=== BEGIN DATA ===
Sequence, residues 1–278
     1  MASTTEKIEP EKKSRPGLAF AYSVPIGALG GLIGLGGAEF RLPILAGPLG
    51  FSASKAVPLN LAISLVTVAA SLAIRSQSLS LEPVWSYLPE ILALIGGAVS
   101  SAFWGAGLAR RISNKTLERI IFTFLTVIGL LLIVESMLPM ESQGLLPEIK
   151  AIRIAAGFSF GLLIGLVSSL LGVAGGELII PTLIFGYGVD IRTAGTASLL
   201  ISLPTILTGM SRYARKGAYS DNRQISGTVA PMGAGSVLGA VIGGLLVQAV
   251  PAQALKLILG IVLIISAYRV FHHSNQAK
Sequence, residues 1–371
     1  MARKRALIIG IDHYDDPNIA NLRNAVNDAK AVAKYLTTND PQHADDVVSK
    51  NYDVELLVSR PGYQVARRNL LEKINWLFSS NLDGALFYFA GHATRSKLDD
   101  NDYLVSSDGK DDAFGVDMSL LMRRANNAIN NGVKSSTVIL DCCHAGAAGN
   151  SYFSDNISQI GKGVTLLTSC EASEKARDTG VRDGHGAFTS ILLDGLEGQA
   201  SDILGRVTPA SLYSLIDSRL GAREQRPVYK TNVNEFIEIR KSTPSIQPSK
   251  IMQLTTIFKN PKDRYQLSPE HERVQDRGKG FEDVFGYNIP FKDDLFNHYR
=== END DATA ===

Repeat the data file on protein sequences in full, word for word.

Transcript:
Sequence, residues 1–278
     1  MASTTEKIEP EKKSRPGLAF AYSVPIGALG GLIGLGGAEF RLPILAGPLG
    51  FSASKAVPLN LAISLVTVAA SLAIRSQSLS LEPVWSYLPE ILALIGGAVS
   101  SAFWGAGLAR RISNKTLERI IFTFLTVIGL LLIVESMLPM ESQGLLPEIK
   151  AIRIAAGFSF GLLIGLVSSL LGVAGGELII PTLIFGYGVD IRTAGTASLL
   201  ISLPTILTGM SRYARKGAYS DNRQISGTVA PMGAGSVLGA VIGGLLVQAV
   251  PAQALKLILG IVLIISAYRV FHHSNQAK
Sequence, residues 1–371
     1  MARKRALIIG IDHYDDPNIA NLRNAVNDAK AVAKYLTTND PQHADDVVSK
    51  NYDVELLVSR PGYQVARRNL LEKINWLFSS NLDGALFYFA GHATRSKLDD
   101  NDYLVSSDGK DDAFGVDMSL LMRRANNAIN NGVKSSTVIL DCCHAGAAGN
   151  SYFSDNISQI GKGVTLLTSC EASEKARDTG VRDGHGAFTS ILLDGLEGQA
   201  SDILGRVTPA SLYSLIDSRL GAREQRPVYK TNVNEFIEIR KSTPSIQPSK
   251  IMQLTTIFKN PKDRYQLSPE HERVQDRGKG FEDVFGYNIP FKDDLFNHYR